Public Enterprises Minister Pravin Gordhan says Public Protector Busisiwe Mkhwebane is determined to make adverse findings against him “irrespective of the evidence to the contrary before her”.
In doing so, she acted with “improper or ulterior purpose”, Gordhan added.
In a supplementary application filed on Monday as part of his review application of her investigation into him, Gordhan said Mkhwebane had failed to properly investigate the so-called “SARS rogue unit” case. This furthered a narrative about SARS that was so damaging to the institution that it amounted to “economic and fiscal sabotage”, he added.
Mkhwebane found that the “rogue unit”, an investigative unit within SARS, was established and operated illegally, and that Gordhan, as former minister of finance, should be disciplined by President Cyril Ramaphosa for his conduct.
Gordhan successfully interdicted the implementation of Mkhwebane’s remedial action on July 29, pending the outcome of a full review application.
As part of that process, she was obliged to file a full record of her investigation in court.
In terms of Rule 53 of the Uniform Rules of Court, the person or body whose action is under review in court is required to provide the court with a complete record of their decision-making process regarding the action in question.
The Constitutional Court, which previously censured Mkhwebane for failing to provide a complete Rule 53 record in another review application, previously said it should include “every scrap of paper” that could directly or indirectly have led to the decision in question.
Mkhwebane’s spokesperson, Oupa Segalwe, previously told News24 that the record she had filed in the Gordhan review application was complete, and that his lawyers were responsible for delaying the process by asking for documents which they already had.
But Gordhan alleged on Monday that Mkhwebane’s record failed to show how she had reached her conclusions.
He said his lawyers had asked Mkhwebane twice to furnish the court with the full record. The 1 000-page record that she first filed in August was 2 500 pages long after she had filed her third attempt, Gordhan said.
“The Public Protector’s disdain for the rules of this court is unfortunate and warrants censure.”
Gordhan said because the Public Protector Act required Mkhwebane to investigate complaints more than two years old only where “special circumstances” existed, she was required to show what these were in her investigation.
But she did not, the minister added.
He said Mkhwebane also ignored the fact that a number of other institutions had already investigated the investigative unit and, where they found wrongdoing, those reports had been retracted and apologised for.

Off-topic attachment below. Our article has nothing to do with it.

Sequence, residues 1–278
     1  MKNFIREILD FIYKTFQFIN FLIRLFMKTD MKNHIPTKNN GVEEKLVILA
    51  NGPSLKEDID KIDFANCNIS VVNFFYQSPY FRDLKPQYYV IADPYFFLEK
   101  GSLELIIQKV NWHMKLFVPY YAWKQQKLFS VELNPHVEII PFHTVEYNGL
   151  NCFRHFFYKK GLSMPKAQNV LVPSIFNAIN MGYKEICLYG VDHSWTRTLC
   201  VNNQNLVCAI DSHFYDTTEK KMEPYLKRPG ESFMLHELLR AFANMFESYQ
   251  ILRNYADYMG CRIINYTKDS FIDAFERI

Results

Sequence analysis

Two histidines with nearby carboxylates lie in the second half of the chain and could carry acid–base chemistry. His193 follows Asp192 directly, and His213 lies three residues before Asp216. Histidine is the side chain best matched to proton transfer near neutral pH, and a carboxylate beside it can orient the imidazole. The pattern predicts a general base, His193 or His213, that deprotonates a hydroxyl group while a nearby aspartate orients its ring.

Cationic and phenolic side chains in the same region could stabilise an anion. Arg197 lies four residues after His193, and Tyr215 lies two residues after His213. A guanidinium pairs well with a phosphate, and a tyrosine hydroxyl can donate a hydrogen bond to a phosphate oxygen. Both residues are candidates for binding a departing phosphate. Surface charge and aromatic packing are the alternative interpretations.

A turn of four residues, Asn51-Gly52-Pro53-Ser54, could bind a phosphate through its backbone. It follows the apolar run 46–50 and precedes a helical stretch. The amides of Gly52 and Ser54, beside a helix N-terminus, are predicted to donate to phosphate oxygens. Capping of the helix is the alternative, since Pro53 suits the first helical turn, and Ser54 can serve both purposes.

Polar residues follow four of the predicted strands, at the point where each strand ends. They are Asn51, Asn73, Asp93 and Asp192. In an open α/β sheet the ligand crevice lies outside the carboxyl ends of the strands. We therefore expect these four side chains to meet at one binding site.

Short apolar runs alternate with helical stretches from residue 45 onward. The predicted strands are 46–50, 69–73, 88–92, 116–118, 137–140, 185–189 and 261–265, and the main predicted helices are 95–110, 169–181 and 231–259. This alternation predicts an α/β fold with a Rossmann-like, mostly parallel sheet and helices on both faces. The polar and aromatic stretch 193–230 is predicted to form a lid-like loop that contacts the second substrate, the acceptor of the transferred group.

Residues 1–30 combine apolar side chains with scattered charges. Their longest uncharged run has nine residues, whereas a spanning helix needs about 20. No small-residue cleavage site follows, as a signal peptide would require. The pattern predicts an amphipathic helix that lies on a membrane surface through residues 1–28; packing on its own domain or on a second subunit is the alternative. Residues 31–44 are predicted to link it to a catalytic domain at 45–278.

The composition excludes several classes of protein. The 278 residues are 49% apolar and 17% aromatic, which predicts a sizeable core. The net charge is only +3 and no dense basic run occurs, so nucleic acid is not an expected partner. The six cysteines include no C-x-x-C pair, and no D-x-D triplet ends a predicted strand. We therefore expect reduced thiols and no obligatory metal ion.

“The Public Protector simply went ahead with the investigation without considering whether special circumstances were present and whether she had the prerequisite jurisdiction.”
Gordhan added that Mkhwebane’s predecessor, Thuli Madonsela, had also investigated the issue and had interviewed former acting SARS commissioner Ivan Pillay in 2014. He said Pillay had raised concerns at the time that the “peddling of misinformation about SARS” was part of a campaign to stop the organisation from combating illicit tax activities.
“The continuation of this campaign to date is tantamount to economic and fiscal sabotage,” Gordhan added.
The Gupta meeting
Mkhwebane also found that Gordhan had violated the Executive Ethics Act by “deliberately” misleading Parliament about a meeting he had where a member of the Gupta member was present. She found that Gordhan’s omission was deliberate, but he said if he had it was a bona fide mistake.
But Gordhan, in Monday’s affidavit, said there were anomalies in the Rule 53 record that raised questions about who the source of this complaint really was. He added Mkhwebane’s investigation was based on two complaints – an anonymous one filed in October 2018, and another filed by EFF chief whip Floyd Shivambu a month later. Yet neither of these mentioned the meeting with the Gupta family member, Gordhan said.
This was especially strange given that Mkhwebane had previously told Ramaphosa that the complaint was laid by Shivambu, he added.
When Gordhan’s lawyers asked for the source to be included in the Rule 53 record, they were pointed to recordings “related to the operations of the intelligence unit” that do not make any reference to the Gupta family at all.
Gordhan said the record filed by Mkhwebane showed that she ignored investigative reports and legal opinions in her investigation, which showed that the intelligence unit was legal. He added the narrative that it was “rogue” was based on false intelligence campaigns which were used for political ends, and that Mkhwebane had not taken this context into account.
In fact, the record actually “discloses numerous documents that the establishment of the unit was in full compliance with the law”, Gordhan said, adding Mkhwebane also did not take these into account.
Mkhwebane also found that Pillay did not have a matric certificate or any other qualification. Again, Gordhan said, the Rule 53 record was silent on how Mkhwebane came to this conclusion.
Gordhan said there were “no documents or materials in the record that set out which steps the Public Protector took to determine Mr Pillay’s qualifications, which was why she did not even know that he had matriculated”.
Gordhan said Mkhwebane was guilty of “procedural unfairness and bias”.
“The Public Protector erred in following an unfair procedure during the conduct of her investigation and acting with improper purpose or ulterior motive. It is evident from the record that the Public Protector was determined to make adverse findings against me irrespective of the evidence to the contrary before her,” he added.